Bioluminescent Waves

When I first moved to California from Arizona, I heard stories about waves that would glow a neon blue. It sounded like something out of a movie. It was years before I experienced the phenomenon called bioluminescence for myself. it was just as incredible as people had described. I wish everyone could experience it.

The Science Behind Bioluminescence

What is bioluminescence, and what causes it? Bioluminescent waves usually happen after a red tide, when millions of dinoflagellates, a species named Lingulodinium polyedrum, gather. They have gathered along the coast of California from Baja to Los Angeles since 1900.

The phenomenon is called red tide because of the appearance they cause during the day. The organisms are similar to plants and contain chlorophyll, so they gather together near the ocean surface to receive energy from the sun. The Scripps Institute of Oceanography at the University of California, San Diego, describes how each dinoflagellate contains a blob of red. When they gather together in large numbers, the water appears to change color. This event is called a bloom and can last for anywhere from a few days to several months.

These dinoflagellates can use flashes of light to defend against predators. They do this in two ways:

  • Intense flashes are used to disrupt a predator’s feeding behavior by temporarily blinding and startling them
  • The light signals to much larger predators that something they might be interested in eating is trying to eat the dinoflagellates

These defense mechanisms prevent the organisms from being eaten at night when they are the most vulnerable.

They also happen to be very sensitive to touch and emit a flash of light when poked. This is why they light up when the water they are residing in is disturbed.

Sea Sparkle

Understanding the science behind the bioluminescent waves can’t compare to the awesome wonder of actually seeing it. In May of 2020, I was able to see this incredible phenomenon, nicknamed “Sea Sparkle” by the locals, in Dana Point, California. It was one of the largest red tide blooms in many years and provided incredible sights and memories I will never forget.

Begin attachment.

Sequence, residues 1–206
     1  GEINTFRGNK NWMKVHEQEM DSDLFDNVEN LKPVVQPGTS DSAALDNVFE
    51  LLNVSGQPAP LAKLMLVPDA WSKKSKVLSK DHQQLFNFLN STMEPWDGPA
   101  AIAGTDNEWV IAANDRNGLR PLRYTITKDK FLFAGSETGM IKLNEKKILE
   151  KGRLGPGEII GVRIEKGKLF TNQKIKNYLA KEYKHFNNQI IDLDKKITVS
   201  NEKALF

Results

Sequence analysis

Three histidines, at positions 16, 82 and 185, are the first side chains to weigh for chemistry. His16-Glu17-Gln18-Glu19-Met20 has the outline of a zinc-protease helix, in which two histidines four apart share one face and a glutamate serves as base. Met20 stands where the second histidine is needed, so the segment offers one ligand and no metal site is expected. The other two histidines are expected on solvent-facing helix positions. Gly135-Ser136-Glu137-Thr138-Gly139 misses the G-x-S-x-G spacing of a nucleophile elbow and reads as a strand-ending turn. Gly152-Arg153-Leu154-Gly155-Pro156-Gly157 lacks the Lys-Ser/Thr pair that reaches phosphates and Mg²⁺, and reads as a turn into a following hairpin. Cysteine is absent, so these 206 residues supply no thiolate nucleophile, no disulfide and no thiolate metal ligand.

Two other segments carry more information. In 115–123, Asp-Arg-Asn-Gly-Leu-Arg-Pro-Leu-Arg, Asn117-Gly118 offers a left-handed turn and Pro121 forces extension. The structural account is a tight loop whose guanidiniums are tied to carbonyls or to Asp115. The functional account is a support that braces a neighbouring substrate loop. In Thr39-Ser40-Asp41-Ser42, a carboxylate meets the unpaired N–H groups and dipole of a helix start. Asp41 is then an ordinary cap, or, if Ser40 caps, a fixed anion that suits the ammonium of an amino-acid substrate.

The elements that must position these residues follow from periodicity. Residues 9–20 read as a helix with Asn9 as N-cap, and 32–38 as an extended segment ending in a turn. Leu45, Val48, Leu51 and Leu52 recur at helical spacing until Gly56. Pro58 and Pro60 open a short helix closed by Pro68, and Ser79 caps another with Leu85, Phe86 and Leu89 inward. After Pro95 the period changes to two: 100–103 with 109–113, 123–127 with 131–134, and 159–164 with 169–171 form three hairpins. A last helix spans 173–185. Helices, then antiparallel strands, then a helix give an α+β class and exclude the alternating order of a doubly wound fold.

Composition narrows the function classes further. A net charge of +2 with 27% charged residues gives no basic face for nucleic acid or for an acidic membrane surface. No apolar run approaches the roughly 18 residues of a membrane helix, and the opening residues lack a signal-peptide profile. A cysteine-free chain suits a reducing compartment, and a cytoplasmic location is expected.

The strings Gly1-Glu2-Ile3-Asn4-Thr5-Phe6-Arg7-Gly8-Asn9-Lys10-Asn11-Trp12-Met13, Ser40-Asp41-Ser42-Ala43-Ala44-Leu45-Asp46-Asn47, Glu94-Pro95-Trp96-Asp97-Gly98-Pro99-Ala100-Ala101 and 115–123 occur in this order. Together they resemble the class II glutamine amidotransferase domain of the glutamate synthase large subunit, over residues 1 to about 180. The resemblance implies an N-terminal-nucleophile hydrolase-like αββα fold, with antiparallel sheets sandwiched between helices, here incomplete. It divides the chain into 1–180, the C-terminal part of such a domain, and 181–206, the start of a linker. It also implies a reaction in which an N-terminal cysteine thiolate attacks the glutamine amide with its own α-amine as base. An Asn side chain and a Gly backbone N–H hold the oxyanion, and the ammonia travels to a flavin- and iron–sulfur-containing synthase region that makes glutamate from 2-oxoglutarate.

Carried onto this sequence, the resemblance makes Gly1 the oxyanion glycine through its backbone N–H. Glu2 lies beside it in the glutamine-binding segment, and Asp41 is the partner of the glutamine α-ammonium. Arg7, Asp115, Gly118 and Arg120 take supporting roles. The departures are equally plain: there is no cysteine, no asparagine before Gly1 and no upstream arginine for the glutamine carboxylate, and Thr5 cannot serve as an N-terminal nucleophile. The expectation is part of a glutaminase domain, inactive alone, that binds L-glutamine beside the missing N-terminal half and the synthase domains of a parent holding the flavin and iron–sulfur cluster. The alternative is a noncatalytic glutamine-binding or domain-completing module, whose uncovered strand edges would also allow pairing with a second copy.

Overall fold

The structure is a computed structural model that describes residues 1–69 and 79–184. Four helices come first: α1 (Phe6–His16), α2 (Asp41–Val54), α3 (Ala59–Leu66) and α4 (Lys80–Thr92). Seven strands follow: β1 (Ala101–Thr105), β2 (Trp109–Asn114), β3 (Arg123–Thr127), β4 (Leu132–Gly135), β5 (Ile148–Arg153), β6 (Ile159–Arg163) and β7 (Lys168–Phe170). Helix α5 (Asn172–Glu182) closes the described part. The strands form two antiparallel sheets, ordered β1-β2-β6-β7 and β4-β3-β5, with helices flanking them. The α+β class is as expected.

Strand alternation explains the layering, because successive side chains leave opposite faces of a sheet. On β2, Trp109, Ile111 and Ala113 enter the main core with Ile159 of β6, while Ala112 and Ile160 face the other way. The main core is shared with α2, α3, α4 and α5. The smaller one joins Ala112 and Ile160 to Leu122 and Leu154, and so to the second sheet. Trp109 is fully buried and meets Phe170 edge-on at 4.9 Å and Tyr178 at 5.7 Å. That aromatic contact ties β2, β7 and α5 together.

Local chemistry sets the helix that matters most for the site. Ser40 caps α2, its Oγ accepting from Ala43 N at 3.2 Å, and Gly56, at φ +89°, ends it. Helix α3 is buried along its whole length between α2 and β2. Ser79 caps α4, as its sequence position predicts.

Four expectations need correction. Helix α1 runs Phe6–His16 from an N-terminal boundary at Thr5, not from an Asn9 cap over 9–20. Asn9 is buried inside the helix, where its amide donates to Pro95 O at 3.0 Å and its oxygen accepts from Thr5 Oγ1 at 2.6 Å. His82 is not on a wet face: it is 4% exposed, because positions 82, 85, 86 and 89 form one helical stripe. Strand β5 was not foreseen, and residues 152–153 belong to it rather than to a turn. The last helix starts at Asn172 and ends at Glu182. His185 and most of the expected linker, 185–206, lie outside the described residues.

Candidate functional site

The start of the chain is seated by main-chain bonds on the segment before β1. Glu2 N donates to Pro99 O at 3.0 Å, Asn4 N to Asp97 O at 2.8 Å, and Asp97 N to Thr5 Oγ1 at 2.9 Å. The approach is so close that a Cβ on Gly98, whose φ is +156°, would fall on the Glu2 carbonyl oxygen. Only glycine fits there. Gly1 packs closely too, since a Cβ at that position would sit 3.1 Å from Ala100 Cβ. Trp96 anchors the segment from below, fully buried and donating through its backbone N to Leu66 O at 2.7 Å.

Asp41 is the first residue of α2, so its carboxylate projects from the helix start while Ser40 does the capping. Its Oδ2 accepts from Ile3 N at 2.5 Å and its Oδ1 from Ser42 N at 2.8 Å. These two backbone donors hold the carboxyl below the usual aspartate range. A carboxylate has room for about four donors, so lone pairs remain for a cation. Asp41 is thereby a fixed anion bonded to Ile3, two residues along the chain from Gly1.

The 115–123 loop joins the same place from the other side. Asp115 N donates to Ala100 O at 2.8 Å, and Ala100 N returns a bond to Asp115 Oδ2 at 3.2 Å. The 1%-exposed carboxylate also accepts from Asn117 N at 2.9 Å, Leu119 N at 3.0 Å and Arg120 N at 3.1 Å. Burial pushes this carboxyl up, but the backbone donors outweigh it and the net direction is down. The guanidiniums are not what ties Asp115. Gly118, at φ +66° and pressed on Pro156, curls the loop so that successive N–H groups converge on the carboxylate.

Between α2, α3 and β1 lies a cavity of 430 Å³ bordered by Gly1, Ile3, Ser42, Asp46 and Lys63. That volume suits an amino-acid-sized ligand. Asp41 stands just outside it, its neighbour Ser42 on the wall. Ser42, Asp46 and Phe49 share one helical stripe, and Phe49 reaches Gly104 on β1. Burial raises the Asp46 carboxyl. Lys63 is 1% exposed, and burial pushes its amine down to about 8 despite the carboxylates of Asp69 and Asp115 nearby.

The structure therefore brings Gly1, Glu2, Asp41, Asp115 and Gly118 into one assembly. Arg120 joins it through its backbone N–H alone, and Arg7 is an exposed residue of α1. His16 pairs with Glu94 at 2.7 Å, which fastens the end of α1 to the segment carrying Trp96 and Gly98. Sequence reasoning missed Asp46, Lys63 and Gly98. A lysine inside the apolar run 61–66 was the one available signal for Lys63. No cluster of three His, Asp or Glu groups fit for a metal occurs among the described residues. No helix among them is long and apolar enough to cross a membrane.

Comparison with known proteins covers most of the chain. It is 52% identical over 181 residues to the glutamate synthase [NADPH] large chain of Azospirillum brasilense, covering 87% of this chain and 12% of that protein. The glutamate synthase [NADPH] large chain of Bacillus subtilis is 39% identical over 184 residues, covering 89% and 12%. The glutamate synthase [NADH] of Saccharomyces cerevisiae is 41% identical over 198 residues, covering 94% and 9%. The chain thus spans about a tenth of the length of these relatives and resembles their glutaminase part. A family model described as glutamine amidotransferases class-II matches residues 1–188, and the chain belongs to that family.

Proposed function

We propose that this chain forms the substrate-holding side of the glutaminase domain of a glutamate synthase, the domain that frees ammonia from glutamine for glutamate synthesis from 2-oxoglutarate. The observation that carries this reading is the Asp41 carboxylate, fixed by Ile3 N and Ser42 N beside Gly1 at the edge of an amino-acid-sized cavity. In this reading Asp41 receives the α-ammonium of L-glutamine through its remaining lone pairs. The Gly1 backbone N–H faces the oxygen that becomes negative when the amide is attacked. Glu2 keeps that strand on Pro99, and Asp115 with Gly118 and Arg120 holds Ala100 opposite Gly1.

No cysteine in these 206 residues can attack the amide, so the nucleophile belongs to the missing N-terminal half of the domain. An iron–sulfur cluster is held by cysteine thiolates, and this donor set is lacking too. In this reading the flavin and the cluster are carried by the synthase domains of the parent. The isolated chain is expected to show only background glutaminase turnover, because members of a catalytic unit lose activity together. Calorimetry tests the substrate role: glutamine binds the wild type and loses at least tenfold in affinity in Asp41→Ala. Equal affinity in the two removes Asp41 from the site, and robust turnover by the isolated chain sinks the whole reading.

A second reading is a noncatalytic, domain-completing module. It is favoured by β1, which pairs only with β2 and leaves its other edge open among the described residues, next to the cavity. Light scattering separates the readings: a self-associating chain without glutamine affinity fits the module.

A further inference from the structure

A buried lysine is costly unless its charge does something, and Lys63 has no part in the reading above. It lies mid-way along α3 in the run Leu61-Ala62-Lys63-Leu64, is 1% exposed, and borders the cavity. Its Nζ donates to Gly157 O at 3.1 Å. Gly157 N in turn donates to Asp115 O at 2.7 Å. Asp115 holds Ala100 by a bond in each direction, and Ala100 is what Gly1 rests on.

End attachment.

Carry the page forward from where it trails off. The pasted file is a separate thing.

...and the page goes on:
The waves shone with bright blue fluorescence and looked like a million little glow sticks in the water. As the waves crashed on the shore, it looked like lightning was repeatedly striking inside the wave. Surfers cut brilliant lines down the waves creating a trail of blue light that slowly faded as they surfed. As we walked the beach following a wave, our footprints in the sand would momentarily glow blue.

My friends and I threw rocks into the dark water, laughing as the water splashed bright blue where the stones broke the surface. A duck quietly swimming through the water left iridescent, blue webbed feet imprints below the surface of the water as he kicked along.

Thanks to social media, everyone can catch a glimpse of the bioluminescent phenomenon. A quick online search will bring up pages of videos of the crashing blue waves. In addition, the marine life watching company, Newport Coastal Adventure, captured an incredible video of dolphins swimming next to their boat in the glowing, blue water.

Red tides typically occur in California in the early spring and late summer, along the coast between San Diego and Santa Barbara. If you are fortunate enough to be in the area at the time, I hope you can experience the bioluminescent waves for yourself. It’s an experience you will never forget!

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